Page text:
The actions and gestures of these mimes and pantomimes, though adapted to the pleasure of the spectator, were never thought a general qualification fit for persons of quality, or gentlemen, from thence to derive a graceful motion, mien, or handsome assurance in conversation. It is true that many of the Roman young nobility were very fond of them and attempted to learn their art till there was a law made that no pantomime should enter a patrician's house. It is likewise true that Augustus Caesar gave Laberus, though a mimick, a golden ring, which used to be the honorary present of soldiers that had served their country in the war, as we gather from Pliny and others …

The pantomimes, as I said before, were imitators of all things, as the name imports, and performed all by gesture, and the action of hands, legs, and feet, without making use of the tongue in uttering their thoughts, and in this performance the hands and fingers were much made use of, and expressed perhaps a large share of the performance. Aristotle says that they imitated by number alone without harmony, for they imitated the manners, passions and actions by the numerous variety of gesticulation.

source: John Weaver, An Essay Towards an History of Dancing (London: Jacob Tonson, 1712): 118–121. Text modernized by Philip M. Soergel.

reforms fostered by the Arcadian Academy at Rome after 1695 tended to relegate dancing more and more to the intervals between acts. The Arcadian theorists wanted to eliminate much of the comic buffoonery that existed in the Italian operas of their day, and instead introduce serious or pastoral themes that treated Arcadian figures and heroes, in imitation of the earliest operas that had been performed around 1600. Under the influence of these reforms, ballet began to be used in many Italian operas at the turn of the eighteenth century like a French divertissement. Dances, in other words, became diversionary entertainments staged between the scenes of the opera. Few documentary sources survive from the Italian theaters of the seventeenth century. Unlike France where systems of notation developed to record the precise steps used in dances, Italian choreographers did not develop a system to set down their creations. Scattered accounts of dances are all that survive to provide us with a glimpse of many of the Italian opera's ballets. These suggest that the ballet in Italy was a vehicle for demonstrating greater gymnastic ability and athletic prowess than in the relatively refined forms that flourished in Paris at the same time.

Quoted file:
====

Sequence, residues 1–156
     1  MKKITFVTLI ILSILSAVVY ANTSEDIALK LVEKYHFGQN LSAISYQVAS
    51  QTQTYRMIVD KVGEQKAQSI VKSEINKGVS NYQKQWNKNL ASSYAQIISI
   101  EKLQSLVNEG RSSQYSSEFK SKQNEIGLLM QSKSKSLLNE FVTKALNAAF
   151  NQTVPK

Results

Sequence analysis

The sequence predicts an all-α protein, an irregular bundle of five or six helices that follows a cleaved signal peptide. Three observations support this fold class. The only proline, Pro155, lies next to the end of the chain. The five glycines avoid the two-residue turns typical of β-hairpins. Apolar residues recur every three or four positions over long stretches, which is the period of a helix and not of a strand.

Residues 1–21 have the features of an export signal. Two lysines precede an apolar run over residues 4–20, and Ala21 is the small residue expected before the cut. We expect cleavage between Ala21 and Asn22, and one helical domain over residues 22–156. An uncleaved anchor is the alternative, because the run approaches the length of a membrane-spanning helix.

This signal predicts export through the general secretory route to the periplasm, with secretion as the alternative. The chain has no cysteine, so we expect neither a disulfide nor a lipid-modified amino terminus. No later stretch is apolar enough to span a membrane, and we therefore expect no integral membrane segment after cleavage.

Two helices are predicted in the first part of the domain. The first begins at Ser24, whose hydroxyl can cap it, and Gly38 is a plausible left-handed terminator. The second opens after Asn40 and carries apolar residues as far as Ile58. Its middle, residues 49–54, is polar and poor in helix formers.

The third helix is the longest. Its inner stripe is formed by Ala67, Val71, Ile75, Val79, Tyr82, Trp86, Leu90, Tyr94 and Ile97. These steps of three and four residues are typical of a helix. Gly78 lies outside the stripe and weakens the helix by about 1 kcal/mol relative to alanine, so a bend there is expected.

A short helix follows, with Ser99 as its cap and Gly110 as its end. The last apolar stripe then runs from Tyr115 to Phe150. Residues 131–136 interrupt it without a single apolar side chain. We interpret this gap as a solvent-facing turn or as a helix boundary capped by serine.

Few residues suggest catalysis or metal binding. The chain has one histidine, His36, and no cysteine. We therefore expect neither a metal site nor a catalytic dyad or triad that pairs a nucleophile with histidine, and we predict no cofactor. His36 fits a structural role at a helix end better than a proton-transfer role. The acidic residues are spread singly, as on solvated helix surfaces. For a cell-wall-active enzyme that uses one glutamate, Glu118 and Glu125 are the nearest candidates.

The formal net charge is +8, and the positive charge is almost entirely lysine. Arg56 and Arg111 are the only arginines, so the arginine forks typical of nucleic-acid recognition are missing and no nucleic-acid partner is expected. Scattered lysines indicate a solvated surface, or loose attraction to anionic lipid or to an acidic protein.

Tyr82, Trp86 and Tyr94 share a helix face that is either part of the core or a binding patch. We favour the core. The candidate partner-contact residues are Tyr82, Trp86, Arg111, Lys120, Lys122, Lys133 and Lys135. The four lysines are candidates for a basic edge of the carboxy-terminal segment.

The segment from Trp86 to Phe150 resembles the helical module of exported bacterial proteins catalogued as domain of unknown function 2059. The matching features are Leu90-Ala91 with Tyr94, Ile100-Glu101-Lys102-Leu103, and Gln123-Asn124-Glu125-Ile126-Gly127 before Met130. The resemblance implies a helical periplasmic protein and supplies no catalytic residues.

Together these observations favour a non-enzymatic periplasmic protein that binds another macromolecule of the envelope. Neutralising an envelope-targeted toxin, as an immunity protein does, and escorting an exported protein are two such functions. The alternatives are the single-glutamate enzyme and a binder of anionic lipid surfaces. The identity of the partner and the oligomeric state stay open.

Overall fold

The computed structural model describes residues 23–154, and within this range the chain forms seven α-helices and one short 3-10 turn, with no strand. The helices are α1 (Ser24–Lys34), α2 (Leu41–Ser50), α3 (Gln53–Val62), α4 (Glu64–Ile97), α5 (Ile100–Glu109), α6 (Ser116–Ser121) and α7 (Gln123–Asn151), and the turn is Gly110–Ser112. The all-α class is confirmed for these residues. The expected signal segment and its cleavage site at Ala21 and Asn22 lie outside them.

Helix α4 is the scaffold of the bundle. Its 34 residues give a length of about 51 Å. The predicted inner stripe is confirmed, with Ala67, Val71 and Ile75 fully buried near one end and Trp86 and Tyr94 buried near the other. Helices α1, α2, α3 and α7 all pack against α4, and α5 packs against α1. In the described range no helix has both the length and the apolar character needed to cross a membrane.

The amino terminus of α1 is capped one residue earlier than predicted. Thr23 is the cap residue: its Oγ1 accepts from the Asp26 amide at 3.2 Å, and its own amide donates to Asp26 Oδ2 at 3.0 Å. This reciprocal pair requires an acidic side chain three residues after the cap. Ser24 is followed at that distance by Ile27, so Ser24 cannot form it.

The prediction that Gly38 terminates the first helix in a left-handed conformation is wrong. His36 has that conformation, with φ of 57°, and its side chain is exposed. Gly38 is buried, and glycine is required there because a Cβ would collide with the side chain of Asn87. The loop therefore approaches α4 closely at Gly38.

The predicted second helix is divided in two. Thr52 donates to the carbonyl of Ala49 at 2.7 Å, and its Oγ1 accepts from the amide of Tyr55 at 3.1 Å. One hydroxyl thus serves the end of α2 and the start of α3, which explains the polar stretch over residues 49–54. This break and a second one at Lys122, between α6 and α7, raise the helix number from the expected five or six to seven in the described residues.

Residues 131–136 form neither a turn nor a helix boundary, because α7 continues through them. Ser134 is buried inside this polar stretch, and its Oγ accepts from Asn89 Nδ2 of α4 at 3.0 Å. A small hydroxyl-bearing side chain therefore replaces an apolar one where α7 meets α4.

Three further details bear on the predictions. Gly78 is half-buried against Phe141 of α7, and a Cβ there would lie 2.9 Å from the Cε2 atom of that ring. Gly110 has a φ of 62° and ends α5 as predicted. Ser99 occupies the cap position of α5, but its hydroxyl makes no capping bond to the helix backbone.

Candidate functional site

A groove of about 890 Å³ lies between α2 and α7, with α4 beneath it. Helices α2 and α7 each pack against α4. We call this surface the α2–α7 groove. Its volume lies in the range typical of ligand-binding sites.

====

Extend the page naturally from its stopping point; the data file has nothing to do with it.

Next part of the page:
The Restoration of the Stuart Monarchy in England in 1660 played a vital role in the history of dance in that country. Charles II (r. 1660–1685) was a great lover of the theater, and a steady stream of French dancers, theatrical producers, and choreographers traveled to England in search of employment in the wake of his return to the throne. One of these was Robert Cambert, a French composer who is often credited as being one of the "fathers" of French opera. Cambert came to England in 1673 to serve as music master in the household of Louise de Queroualle, a French noblewoman who was also the Duchess of Portsmouth. Louis XIV had arranged his appointment there, and at the time the Duchess was the Stuart king Charles II's favorite mistress. Cambert established a Royal Academy of Music similar to the French institution that was just beginning to take shape in Paris at the time, but the fledgling institution soon failed. England, in contrast to France and many other European countries, remained without a royal opera house until the twentieth century, though operas were frequently staged in the many professional theaters there. Cambert's work in England—especially his staging of two of his operas, Ariane and Pomone—helped to establish a taste for French opera in the country as well as for French dancing. Several other imported entertainments followed as well. During the last quarter of the century French ballet thus came to mix with native traditions in England, especially with the tradition of the masque. The result produced a new short-lived genre known as "semi-opera," the most famous of which was Henry Purcell's The Fairy Queen of 1692. These productions made use of the ballet practices common to the French operas of Jean-Baptiste Lully, while drawing on traditions of production that had been common in the Stuart Masques and other theatricals. Even as opera began to flourish as a site for ballet in England, dancing acquired a greater role in the professional theater of the period as diversionary entertainments between the acts of drama. The presence of a number of prominent, professional English dancers in London around 1700 reveals the rising appetite of Britons for professional ballets of a type similar to those that were already flourishing in France and Italy. Among these figures, the choreographer and dancer John Weaver was the most prominent. Weaver translated Feuillet's Chorégraphie, publishing it as Orchesography in 1706. His work in this vein did a great deal to establish Feuillet's system of notation in England and to spread patterns of French ballet in the country. Hester Santlow Booth, one of the first female professional dancers in England, was also a fixture of the theatrical life of the period. She debuted at the Drury Lane Theater near Covent Garden in 1706, and until her retirement in 1733 she continued to dance in many theatrical productions, particularly those choreographed by John Weaver.